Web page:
No one could accuse Michael Bloomberg of going out with a whimper. His dozen-year tenure as mayor of New York City ended with a flurry of activity, most notably a last-minute push to approve $12 billion worth of real estate projects, including a $2 billion residential complex on the Brooklyn waterfront, an office tower at Hudson Yards, and even a massive skating rink in the Bronx.
Lost in this blizzard of high-dollar, 11th-hour deals was a snowflake of an announcement with major long-term implications for co-ops and condos in the city. A few days before Christmas, as part of his six-year-old PlaNYC, Bloomberg rolled out the New York City Carbon Challenge, an ambitious effort to get the city’s three million units of multi-family housing to reduce greenhouse gas emissions by as much as 30 percent over the next 10 years.
Co-ops and condos are a big part of this mix. Their 400,000 units make up about 16 percent of the city’s multi-family housing. Residential buildings account for more than one-third of the city’s greenhouse gas emissions.
This voluntary challenge, begun in 2007 with city government buildings, then expanded to include universities, hospitals, and large commercial buildings, is being run in partnership with the New York State Energy Research and Development Authority (NYSERDA). It promotes a variety of proven strategies for reducing energy use – and costs – including upgrades to heating, ventilating, and air-conditioning systems; installation of energy-efficient lighting and controls; and improvements to the building’s “envelope,” including its roof, windows, and exterior walls.
Enter the Managers
The Carbon Challenge targets property managers as the link between government agencies and owners of multi-family residential properties, including co-op and condo boards as well as owners of rental apartments. So far, ten management companies have agreed to participate: Akam Associates, Century Property Management, Charles H. Greenthal Management, Douglas Elliman Property Management, FirstService Residential, Marion Scott Real Estate, Midboro Management, Prestige Management, Rose Associates, and RY Management.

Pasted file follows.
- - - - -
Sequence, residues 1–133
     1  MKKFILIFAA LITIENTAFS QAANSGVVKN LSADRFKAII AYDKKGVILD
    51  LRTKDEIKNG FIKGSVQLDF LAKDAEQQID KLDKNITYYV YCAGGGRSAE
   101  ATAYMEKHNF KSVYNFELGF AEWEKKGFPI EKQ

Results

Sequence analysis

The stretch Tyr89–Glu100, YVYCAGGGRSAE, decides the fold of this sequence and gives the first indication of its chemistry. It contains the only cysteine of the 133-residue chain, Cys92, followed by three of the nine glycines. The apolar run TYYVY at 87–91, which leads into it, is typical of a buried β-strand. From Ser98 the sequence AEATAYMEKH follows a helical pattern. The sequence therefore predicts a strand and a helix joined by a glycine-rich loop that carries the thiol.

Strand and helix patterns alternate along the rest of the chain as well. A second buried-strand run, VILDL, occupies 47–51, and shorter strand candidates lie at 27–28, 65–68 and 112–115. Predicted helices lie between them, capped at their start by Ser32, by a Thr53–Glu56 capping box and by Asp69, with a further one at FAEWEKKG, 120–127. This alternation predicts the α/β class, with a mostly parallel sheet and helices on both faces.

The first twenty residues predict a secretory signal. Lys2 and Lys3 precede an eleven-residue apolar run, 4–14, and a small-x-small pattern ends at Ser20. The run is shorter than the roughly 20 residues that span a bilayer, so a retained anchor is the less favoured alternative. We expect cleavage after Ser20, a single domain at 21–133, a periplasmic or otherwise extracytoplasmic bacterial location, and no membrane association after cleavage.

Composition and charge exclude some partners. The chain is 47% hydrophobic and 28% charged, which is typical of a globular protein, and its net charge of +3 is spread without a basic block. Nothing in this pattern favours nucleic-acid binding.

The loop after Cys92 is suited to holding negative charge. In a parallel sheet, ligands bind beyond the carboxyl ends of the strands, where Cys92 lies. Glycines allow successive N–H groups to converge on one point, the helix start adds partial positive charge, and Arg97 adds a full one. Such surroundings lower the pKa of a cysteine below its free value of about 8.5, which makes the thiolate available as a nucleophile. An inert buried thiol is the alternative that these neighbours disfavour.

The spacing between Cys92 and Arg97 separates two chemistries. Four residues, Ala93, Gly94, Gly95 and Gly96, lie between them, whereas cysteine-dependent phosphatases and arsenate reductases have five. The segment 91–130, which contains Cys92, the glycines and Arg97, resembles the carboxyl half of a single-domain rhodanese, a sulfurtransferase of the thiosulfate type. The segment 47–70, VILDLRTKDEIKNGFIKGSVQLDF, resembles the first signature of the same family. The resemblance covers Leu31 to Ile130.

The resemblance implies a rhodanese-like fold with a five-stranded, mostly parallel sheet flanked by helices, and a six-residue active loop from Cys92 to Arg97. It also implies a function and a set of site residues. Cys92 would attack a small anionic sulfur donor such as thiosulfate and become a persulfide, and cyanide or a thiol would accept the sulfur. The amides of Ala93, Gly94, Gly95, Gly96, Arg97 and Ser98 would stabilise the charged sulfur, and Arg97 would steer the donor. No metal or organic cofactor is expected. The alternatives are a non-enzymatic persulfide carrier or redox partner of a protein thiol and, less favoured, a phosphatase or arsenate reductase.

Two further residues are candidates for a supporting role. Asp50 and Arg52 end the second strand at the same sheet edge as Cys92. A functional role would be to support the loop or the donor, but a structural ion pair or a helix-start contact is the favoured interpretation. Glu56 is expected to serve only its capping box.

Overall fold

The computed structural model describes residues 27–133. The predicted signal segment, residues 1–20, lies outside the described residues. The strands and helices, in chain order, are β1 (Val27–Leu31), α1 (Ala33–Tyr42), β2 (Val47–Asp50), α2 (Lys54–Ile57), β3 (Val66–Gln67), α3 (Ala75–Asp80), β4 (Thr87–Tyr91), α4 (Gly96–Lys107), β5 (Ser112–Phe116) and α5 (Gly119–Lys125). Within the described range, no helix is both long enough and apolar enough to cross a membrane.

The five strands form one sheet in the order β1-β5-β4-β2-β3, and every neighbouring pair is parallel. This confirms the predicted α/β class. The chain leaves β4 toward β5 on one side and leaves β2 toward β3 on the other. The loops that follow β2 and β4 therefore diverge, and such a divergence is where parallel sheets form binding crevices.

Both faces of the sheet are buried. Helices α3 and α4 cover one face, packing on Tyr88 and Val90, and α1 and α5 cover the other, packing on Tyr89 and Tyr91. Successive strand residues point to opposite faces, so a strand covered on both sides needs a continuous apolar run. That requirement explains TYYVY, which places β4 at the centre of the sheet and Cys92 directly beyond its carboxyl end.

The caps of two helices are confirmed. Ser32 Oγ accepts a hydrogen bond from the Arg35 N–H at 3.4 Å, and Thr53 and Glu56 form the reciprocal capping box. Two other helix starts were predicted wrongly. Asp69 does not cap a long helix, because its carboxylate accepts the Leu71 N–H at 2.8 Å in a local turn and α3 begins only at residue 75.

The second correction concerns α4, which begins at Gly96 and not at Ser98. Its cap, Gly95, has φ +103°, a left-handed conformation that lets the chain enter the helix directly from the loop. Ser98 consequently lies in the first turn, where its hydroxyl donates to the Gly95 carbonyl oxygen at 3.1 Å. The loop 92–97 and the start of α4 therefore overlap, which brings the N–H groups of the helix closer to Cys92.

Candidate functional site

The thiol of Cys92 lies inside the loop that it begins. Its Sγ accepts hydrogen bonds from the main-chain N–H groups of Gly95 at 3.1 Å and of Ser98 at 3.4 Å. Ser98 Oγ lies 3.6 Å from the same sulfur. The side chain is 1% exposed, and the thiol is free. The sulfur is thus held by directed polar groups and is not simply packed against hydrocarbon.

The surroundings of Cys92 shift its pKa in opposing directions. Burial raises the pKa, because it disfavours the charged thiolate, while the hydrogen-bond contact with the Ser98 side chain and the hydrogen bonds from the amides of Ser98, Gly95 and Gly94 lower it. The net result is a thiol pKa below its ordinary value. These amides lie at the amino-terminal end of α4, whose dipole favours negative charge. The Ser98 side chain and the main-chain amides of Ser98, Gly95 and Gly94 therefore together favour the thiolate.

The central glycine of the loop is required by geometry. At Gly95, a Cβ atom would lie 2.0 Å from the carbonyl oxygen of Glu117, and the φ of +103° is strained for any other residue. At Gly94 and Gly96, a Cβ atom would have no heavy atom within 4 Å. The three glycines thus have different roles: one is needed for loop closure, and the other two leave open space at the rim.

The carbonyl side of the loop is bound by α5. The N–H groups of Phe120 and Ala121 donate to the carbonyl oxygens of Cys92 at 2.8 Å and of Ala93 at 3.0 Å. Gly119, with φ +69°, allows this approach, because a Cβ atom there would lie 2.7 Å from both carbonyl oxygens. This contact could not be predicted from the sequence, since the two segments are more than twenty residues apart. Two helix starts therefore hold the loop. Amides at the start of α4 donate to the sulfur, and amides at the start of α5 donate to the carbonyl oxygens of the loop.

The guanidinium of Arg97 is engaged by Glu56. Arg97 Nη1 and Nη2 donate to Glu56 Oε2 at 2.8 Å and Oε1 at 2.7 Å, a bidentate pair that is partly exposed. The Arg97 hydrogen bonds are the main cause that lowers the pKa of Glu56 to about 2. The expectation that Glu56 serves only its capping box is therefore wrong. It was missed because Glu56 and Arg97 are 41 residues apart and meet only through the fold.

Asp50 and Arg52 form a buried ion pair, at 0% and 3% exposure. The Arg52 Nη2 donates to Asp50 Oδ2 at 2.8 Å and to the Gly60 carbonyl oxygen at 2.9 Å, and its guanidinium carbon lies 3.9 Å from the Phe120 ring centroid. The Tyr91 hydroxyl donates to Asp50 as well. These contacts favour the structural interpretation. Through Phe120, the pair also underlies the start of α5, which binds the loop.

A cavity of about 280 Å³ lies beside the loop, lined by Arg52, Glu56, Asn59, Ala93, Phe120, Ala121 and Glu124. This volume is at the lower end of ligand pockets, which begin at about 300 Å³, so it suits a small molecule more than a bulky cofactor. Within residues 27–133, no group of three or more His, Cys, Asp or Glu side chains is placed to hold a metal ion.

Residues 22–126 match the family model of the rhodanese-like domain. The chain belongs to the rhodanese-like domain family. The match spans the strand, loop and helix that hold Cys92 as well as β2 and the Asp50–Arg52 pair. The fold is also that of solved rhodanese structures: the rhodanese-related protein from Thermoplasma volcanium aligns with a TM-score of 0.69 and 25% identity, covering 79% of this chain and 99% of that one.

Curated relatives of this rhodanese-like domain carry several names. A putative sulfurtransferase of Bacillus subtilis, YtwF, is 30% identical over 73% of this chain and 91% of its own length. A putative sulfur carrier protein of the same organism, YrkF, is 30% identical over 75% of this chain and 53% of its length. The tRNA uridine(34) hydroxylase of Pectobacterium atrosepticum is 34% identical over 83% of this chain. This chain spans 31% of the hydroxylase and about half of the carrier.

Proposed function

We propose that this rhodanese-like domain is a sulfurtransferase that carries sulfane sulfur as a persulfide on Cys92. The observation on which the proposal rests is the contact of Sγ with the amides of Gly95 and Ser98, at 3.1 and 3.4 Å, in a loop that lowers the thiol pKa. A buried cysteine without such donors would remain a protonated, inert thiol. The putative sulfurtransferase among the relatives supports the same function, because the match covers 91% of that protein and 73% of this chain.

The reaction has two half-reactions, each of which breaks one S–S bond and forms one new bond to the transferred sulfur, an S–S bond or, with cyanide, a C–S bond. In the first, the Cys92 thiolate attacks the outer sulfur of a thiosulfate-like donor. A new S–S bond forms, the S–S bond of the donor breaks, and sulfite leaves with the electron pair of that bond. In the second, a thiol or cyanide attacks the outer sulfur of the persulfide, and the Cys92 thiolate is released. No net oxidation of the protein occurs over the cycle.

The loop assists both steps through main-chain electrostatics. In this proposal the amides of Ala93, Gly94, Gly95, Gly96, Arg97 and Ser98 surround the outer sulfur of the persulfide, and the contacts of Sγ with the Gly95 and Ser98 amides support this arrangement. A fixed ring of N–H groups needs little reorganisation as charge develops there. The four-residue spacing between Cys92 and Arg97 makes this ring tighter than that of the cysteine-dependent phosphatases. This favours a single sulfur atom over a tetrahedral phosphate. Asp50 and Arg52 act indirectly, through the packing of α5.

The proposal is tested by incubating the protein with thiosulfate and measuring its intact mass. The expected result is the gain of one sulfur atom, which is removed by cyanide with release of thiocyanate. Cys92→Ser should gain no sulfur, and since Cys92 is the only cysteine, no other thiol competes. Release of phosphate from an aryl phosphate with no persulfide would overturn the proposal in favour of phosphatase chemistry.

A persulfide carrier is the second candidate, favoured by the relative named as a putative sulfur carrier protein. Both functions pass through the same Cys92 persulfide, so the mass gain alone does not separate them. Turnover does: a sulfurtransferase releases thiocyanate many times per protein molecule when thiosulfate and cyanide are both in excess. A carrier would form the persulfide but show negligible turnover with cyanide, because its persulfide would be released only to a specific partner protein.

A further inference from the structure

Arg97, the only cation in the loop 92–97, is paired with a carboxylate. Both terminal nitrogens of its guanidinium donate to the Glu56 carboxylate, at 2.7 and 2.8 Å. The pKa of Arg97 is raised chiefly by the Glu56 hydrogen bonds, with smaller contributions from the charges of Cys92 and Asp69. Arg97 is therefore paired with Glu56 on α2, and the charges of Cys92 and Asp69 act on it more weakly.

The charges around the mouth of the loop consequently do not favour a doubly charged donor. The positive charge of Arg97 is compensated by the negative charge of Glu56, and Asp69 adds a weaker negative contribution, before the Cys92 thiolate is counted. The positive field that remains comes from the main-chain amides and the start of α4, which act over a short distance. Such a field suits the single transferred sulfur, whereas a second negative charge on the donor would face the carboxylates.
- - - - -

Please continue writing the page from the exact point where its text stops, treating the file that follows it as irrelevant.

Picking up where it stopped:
After submitting a participation letter to the mayor’s office, the property managers approach the boards or owners of the buildings in their portfolios to determine if they wish to participate. The next step is to inventory each property’s annual carbon emissions. Finally, boards will meet with experts from various agencies – including NYSERDA, the New York City Energy Efficiency Corp., New York City Clean Heat, and Urban Green Council – as well as assorted engineers and architects to tailor an emissions-reduction plan for their building. NYSERDA grants will help to defray upfront costs.
“The property managers touch every decision-maker, so they’re a natural advocate for this program,” says Jenna Tatum, the city’s Carbon Challenge coordinator. “[This initiative] brings together property managers and the energy managers in their companies to exchange information and accelerate the learning curve. They need to understand which technologies are right for each building. We’re seeing buildings using their energy more efficiently, but we know we can to do more.”
Easing a Transition
Laurie Kerr, an architect, was the mayor’s deputy director of Energy Efficiency and Green Buildings from 2006 to 2012, and was involved in the rollout of the original PlaNYC in 2007. “If a co-op can reduce energy costs, everyone benefits because it reduces maintenance payments,” Kerr says. “It’s pretty clear that whoever pays for the improvements will reap the benefits. If those are aligned, you have a better prospect for success.”
Looking into the future, Kerr sees the residential phase of the Carbon Challenge as a way to smooth the transition between the mayoral administrations of two very different men – the billionaire Bloomberg, who was criticized for polarizing the city between the rich and everybody else, and Bill de Blasio, who campaigned against what he dubbed the “tale of two cities.”
“The Carbon Challenge is a nice transition between the administrations,” Kerr says. “De Blasio is so interested in housing – reducing costs and making it better. This program could be a real example about what can happen in multi-family housing, especially for the middle class and poorer people.”
To learn more, visit www.nyc.gov/carbonchallenges, or contact CarbonChallenge@cityhall.nyc.gov.